Friday, 22 July 2011

A Bun Or Two In the Oven

The title may be in jest, but I thought it was time for a post regarding an area of cookery many shy away from, often out of apprehension and fear or previous misadventure.  Some of this seems to be based on the fact that baking is often heard in company with words like chemistry and science.  This is all true, I won't try and deny it; consider for a moment though that these terms can all be applied to getting those potatoes crisp, the roast browned or the vegetables steamed nicely.  Familiarity is the key in that if you can get a feel for what is happening, success will ensue.  The reality is probably that we all have more experience (good and bad!) at roasting a chicken, than we do at baking a loaf of bread, yet which one do we consume most often?

So I've been playing around with some bread recipes for both amusement and nutrition.  As to the science, without going into painful details there are a few things to note, but not stress over:

Salt is crucial to the structure of the loaf in baking, it strengthens the dough and helps preserve  this in the cooking process, it also moderates the activity of the yeast, so remember too much and you will inhibit the yeasts action excessively.  Salt also enhances the flavour, which is pretty important I think.

The type and quality of flour has the biggest impact on the resulting product more than anything else, particularly in breads, it's important to use a quality strong flour.  Basically the higher the protein (gluten) content, the more suitable as a bread flour for a traditional, light, elastic white loaf, of course, there are infinite variations.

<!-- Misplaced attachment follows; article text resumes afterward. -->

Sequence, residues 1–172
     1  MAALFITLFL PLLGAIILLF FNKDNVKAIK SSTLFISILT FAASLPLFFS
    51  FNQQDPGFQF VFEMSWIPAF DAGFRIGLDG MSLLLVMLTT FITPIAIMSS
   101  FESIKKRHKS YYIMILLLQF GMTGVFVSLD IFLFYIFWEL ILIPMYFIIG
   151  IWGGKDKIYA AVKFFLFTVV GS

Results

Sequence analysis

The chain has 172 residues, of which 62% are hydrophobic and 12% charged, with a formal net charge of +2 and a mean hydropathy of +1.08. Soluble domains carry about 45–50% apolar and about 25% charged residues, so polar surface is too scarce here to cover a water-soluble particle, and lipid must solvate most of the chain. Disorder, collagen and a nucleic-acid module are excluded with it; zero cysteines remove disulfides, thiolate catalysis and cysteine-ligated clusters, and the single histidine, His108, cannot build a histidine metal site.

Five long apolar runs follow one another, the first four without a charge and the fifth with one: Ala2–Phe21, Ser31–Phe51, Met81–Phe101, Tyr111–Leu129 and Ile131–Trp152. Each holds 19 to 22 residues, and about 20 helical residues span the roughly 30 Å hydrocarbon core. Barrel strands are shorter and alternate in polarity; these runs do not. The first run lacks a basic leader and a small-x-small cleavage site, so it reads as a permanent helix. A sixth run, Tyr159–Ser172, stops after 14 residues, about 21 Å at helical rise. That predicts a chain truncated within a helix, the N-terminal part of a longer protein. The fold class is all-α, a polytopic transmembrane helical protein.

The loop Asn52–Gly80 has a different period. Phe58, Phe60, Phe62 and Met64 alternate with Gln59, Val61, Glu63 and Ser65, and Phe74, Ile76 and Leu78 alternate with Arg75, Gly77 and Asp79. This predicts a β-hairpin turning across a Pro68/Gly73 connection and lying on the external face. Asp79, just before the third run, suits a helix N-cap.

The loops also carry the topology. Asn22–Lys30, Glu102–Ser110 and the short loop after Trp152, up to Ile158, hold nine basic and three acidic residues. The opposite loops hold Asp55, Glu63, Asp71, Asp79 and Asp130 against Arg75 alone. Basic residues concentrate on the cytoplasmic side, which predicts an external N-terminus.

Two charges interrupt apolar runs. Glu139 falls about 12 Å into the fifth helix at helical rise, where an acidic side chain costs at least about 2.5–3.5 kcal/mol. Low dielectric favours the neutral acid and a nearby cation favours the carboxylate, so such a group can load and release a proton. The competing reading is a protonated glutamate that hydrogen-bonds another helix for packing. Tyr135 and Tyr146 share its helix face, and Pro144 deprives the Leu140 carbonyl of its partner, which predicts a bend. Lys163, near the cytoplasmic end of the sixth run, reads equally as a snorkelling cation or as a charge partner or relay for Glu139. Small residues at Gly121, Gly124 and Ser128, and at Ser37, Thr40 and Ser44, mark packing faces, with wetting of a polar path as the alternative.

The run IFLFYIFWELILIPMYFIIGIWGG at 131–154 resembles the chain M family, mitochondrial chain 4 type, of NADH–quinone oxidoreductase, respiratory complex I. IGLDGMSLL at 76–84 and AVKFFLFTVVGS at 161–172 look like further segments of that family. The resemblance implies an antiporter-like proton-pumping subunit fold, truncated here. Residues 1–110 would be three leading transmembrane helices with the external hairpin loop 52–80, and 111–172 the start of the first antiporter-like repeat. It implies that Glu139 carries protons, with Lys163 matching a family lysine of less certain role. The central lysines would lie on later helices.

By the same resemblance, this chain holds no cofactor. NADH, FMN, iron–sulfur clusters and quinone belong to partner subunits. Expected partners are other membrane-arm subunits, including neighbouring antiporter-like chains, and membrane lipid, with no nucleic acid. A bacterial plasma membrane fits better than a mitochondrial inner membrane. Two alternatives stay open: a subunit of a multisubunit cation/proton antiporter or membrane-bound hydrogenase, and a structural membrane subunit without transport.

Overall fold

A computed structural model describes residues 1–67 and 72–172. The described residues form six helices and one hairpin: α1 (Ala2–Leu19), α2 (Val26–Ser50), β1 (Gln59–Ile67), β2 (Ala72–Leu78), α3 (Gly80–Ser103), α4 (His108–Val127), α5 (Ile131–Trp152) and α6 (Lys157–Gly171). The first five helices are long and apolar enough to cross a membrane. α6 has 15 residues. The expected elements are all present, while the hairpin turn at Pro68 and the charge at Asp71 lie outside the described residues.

Be precise in your measurements, but don't sacrifice a sense of feel when making a dough.  Measuring is important, but you have to remember, particularly with the addition of liquids that everything is hugely variable depending on humidity, type of flour and altitude.  These all influence the final mix, So get your hands dirty and use your eyes, if it looks and feels right, or the opposite then don't be put off making an adjustment.

I've been trying some bread recipes with the basic flour, water, salt mix, to this I added a little brown sugar and olive oil.  The yeast was stock standard dried.  From this I could produce a quite reasonable loaf.  With experimentation I found the volume of oil defined the richness and softness of the loaf.

A sour dough starter has also been embarked upon and at the moment this is a work in progress, I'll certainly update this as it progresses.  I did want to note that there is something beautifully seductive about the process, as it requires only flour, water and salt to make perhaps the most beautiful bread.  Patience should also be added to this list in fairness, as time is needed to get the culture going and also produce and bake the loaves.  The result is well worth it however! 

To be ellaborated on...



  1. Looks great! Good on you for getting into the baking! I always make home made bread in the breadmaker which is cheating a bit - but fantastic!

  2. Thanks so much for stopping by my blog and taking the time to comment. I love comments, as I'm sure so do you. I have recently picked up bread baking again. After many failures in the past, for some reason things started turning out and now I really enjoy more triumphs than failures. Your bread looks great!

  3. What a wonderfully informative post. This is my first visit to your blog. I took sometime to browse through your site to see what you were all about. I'm so glad I did that. I love the food and recipes you feature here and I'll definitely be back. I hope you have a great day. Blessings...Mary